GOP House Majority Leader Eric Cantor before debt-deal vote. (Getty Images)

Eugene Robinson, in his Washington Post column, says that history will hold GOP lawmakers responsible for Standard & Poor's downgrade of the U.S. government debt rating.

The so-called analysts at Standard & Poor's may not be the most reliable bunch, but there was one very good reason for them to downgrade U.S. debt: Republicans in Congress made a credible threat to force a default on our obligations.

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This isn't the rationale that S&P gave, but it's the only one that makes sense. Like a lucky college student who partied the night before an exam, the ratings agency used flawed logic and faulty arithmetic to somehow come up with the right answer. No, life isn't always fair.

And no, I can't join the "we're all at fault" chorus. Absent the threat of willful default, a downgrade would be unjustified and absurd. And history will note that it was House Republicans who issued that threat.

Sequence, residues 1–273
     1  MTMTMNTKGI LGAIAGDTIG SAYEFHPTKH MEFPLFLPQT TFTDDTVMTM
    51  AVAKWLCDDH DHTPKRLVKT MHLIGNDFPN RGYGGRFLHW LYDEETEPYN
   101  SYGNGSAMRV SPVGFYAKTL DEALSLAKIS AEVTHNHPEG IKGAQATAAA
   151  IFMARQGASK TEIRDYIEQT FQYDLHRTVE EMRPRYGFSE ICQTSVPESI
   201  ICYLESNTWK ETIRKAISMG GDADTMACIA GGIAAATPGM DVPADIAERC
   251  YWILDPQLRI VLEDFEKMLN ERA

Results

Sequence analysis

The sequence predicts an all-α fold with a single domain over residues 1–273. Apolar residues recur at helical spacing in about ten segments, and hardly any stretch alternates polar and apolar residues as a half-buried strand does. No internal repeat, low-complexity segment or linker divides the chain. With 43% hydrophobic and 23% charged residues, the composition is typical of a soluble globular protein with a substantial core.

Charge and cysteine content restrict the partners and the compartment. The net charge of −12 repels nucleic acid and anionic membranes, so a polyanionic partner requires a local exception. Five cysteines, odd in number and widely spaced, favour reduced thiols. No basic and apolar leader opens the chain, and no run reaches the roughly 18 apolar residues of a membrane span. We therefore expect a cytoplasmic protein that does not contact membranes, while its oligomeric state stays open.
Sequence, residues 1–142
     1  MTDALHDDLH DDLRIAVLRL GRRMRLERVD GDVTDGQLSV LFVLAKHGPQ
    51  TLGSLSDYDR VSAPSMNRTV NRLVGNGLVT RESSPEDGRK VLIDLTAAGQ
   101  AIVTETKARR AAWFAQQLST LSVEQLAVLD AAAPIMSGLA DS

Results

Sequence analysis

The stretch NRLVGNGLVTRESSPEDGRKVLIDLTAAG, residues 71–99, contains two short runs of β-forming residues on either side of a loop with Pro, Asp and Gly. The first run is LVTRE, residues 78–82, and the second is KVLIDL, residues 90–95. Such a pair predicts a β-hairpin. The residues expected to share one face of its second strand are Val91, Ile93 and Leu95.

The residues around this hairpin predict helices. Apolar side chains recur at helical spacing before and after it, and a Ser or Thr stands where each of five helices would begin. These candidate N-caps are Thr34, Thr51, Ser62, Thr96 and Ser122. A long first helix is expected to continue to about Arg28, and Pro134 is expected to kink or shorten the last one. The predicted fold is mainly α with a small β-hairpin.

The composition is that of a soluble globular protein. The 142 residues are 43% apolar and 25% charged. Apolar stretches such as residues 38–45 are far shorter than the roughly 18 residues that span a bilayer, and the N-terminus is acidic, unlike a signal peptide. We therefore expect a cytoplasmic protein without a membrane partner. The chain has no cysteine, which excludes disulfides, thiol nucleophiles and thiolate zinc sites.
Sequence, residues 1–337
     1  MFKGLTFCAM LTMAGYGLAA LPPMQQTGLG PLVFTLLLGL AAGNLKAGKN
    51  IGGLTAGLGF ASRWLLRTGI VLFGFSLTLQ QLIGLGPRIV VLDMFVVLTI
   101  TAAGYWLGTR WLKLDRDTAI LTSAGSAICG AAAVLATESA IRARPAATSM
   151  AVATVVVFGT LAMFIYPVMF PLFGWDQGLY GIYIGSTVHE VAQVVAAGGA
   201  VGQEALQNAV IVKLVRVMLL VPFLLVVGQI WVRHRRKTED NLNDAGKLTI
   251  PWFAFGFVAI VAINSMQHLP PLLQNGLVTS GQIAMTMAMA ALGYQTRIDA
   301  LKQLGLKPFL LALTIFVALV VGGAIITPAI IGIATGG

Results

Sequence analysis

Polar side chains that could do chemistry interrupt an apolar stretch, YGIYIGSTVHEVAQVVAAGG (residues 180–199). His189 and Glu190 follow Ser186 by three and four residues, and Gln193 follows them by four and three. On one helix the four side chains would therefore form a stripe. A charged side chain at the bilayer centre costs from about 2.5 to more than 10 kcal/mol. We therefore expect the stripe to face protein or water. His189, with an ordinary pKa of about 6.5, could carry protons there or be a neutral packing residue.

There is no plausible scenario under which the United States would be unable to service its debt. If political gridlock were to persist, our government would be able to pay bondholders with a combination of tax revenue and funds raised by selling more Treasury bills. And in the final analysis, as Alan Greenspan noted Sunday on "Meet the Press," the United States "can pay any debt it has because we can always print money to do that."

Read Eugene Robinson's entire column in the Washington Post.